August 1 2015 Latest news:
By Adam Gretton, Health correspondent
Thursday, February 7, 2013
Norfolk’s main hospital says it is raising the bar in standards of care after introducing a rigorous inspection regime across all its wards.
Nursing chiefs at the Norfolk and Norwich University Hospital say they have dramatically improved levels of cleanliness, safety and patient care after implementing a “pioneering” daily audit project.
The Evening News joined one of the quality assurance audits at the hospital this week to see what is being done locally to ensure standards do not slip in light of the publication of the Francis inquiry into appalling levels of care at Stafford Hospital between 2005 and 2009.
Officials from the NHS foundation trust carry out one or two inspections a day at the N&N with the assistance of one of their 60 volunteer external auditors.
Hospital management introduced the inspections in October 2011, which are based on the standards of the Care Quality Commission (CQC) - the regulator for hospitals and social care in England.
The quality assurance audits normally take an hour and a half during meal times where standards in cleanliness, tidiness, documentation, infection control and patient care are thoroughly scrutinised. Afterwards, ward sisters and matrons are informed of any action to improve.
Emma McKay, director of nursing, said she was in “no doubt” that the system had improved standards of care.
“No hospital does it like this. If we find issues we ask for an action plan to correct problems and ask for a time scale for when to come back.”
“Every single time we raise the bar higher and we are getting less tolerant and ask for better standards every time. When we get at a certain level we say we want it even higher,” she said.
The audit of the Kimberley Ward - a short stay ward for older people - begins at the entrance with external auditor Eirlys McLean, a trustee for Age UK Norfolk, going in first to assess the welcome patients and visitors receive. The non-uniformed assessor also speaks to patients to get their feedback and ensure that they are being treated with dignity and respect.
Mrs McKay checks the ward to ensure there is no clutter and runs her finger along the top of door frames and curtain rails to check the area is being cleaned properly and is dust-free. She also checks the use-by dates on food in the fridge, inspects hospital equipment to make sure it is clean, and makes sure soap dispensers and hand saniters are not empty.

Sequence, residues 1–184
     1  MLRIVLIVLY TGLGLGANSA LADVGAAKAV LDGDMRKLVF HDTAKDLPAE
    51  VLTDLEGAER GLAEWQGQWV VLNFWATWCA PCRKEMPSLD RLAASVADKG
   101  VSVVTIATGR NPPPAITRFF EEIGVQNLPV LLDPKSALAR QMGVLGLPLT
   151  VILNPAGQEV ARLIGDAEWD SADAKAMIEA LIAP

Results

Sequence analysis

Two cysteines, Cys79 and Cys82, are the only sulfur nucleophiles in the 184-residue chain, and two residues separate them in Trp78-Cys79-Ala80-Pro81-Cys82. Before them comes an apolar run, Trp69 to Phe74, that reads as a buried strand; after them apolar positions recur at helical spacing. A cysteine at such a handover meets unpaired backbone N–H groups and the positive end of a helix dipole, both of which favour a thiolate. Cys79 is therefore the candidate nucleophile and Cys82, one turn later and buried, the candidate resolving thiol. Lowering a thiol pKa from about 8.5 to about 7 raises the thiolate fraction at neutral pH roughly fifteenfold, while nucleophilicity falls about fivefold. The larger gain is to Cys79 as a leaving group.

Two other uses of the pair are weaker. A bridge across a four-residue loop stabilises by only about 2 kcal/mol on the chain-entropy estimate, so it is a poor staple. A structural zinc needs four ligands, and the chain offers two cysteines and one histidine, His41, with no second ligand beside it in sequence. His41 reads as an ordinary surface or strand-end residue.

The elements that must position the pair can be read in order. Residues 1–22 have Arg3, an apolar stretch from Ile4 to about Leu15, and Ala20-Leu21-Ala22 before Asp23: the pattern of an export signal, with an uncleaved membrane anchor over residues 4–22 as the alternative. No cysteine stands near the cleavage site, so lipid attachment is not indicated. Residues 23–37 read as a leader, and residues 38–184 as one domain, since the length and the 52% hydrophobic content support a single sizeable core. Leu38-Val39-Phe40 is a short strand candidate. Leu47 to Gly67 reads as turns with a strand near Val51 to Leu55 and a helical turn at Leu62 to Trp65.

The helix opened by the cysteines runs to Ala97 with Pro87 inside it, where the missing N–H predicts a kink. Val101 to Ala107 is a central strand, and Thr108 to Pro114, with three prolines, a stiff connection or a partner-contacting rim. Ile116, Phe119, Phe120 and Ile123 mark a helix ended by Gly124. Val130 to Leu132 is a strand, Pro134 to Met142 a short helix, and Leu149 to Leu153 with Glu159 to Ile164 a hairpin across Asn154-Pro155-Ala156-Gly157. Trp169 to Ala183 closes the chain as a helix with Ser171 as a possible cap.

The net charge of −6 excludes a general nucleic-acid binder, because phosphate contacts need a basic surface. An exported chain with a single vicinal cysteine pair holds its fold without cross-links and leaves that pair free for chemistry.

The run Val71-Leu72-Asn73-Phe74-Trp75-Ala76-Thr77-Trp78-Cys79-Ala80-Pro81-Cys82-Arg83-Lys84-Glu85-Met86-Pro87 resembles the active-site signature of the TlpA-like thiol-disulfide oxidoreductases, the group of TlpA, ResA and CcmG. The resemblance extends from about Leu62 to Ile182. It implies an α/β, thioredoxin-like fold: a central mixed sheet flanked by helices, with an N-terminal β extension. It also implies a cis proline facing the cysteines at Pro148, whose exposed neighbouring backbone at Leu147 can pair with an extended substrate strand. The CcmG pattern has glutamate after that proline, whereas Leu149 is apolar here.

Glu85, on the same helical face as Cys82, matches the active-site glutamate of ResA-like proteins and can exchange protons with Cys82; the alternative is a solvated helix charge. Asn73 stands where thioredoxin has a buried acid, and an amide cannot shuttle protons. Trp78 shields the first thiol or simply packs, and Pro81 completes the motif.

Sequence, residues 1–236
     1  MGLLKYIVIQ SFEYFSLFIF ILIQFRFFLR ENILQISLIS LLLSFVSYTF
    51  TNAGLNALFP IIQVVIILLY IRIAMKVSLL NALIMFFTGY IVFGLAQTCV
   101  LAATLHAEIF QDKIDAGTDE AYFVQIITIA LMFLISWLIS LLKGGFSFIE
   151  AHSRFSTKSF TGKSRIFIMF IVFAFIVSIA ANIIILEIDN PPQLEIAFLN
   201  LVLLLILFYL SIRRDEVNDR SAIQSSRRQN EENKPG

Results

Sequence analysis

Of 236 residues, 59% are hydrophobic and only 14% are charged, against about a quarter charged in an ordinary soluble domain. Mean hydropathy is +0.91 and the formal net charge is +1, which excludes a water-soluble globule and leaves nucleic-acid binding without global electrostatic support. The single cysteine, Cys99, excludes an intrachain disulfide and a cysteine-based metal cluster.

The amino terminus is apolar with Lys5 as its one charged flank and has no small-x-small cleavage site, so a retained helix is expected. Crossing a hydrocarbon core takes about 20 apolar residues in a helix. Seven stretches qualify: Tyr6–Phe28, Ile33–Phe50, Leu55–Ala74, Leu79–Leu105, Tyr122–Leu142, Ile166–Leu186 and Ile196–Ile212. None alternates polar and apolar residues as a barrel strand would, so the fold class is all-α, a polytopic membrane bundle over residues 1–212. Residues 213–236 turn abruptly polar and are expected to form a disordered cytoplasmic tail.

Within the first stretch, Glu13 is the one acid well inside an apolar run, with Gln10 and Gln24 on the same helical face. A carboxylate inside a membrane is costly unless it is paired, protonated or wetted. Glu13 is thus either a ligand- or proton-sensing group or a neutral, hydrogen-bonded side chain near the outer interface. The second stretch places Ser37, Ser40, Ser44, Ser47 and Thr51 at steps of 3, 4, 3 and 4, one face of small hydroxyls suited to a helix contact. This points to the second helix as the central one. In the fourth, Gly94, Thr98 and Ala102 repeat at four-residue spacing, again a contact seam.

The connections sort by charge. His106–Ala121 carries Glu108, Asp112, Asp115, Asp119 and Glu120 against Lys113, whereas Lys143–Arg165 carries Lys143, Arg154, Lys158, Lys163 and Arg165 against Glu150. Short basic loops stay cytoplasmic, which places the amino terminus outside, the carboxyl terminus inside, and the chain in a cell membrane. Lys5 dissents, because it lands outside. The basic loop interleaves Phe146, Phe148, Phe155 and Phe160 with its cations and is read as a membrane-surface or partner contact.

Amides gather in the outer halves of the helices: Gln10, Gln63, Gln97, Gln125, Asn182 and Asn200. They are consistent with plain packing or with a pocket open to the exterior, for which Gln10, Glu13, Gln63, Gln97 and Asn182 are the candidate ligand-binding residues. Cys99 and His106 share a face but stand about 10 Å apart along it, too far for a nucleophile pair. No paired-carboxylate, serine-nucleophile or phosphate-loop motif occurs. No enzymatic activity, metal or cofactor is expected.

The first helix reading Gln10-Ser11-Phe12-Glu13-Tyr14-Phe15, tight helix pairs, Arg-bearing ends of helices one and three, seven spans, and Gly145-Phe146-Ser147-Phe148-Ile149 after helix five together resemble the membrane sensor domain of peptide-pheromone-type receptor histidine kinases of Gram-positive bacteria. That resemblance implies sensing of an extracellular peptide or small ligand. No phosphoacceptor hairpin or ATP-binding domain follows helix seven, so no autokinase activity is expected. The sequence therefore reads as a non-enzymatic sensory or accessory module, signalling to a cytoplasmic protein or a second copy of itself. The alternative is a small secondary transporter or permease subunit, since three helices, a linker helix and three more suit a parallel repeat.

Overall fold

Meanwhile Liz Hogbin, head of compliance governance, looks at the documentation to ensure ward staff have carried out the relevant risk assessments on patients, including making sure patients at risk of pressure sores are regularly moved and change position.
Officials also monitor lunchtime and dinner time services to ensure patients that need assistance to eat their food get help. The Kimberley Ward inspection concluded with staff being praised for their high standards.
Mrs McKay said a ward would receive one the hospital’s in-house quality assurance audits once a month on top of the formal CQC inspection that comes once a year.
“What comes out of this are assurances for us to make sure our patients are receiving the care they should. All of these audits are written up and reported to the board every month to make sure we maintain the standards and quality that patients get. If there are things that we can improve on we want to know about that and patient feedback is really important to us.”
“Staff take it very seriously and the feedback is constructive. The staff are really upset when they fail an audit, but they take it graciously and they are keen to improve,” she said.
She added that their network of 60 external auditors from organisations such as Age UK, the Older People’s Forum, Norfolk LINk, governors and representatives from the University of East Anglia, offered a valuable fresh pair of eyes to ensure standards were upheld.
Patient Tom Stuttaford, 81, of Elm Hill, Norwich, who spent two days on the ward following a fall at home said he had received “absolutely wonderful” care on the Kimberley Ward.
“People on this ward are absolutely terrific and very clued up. It is first class medicine and they talk to you with compassion and kindliness,” he said.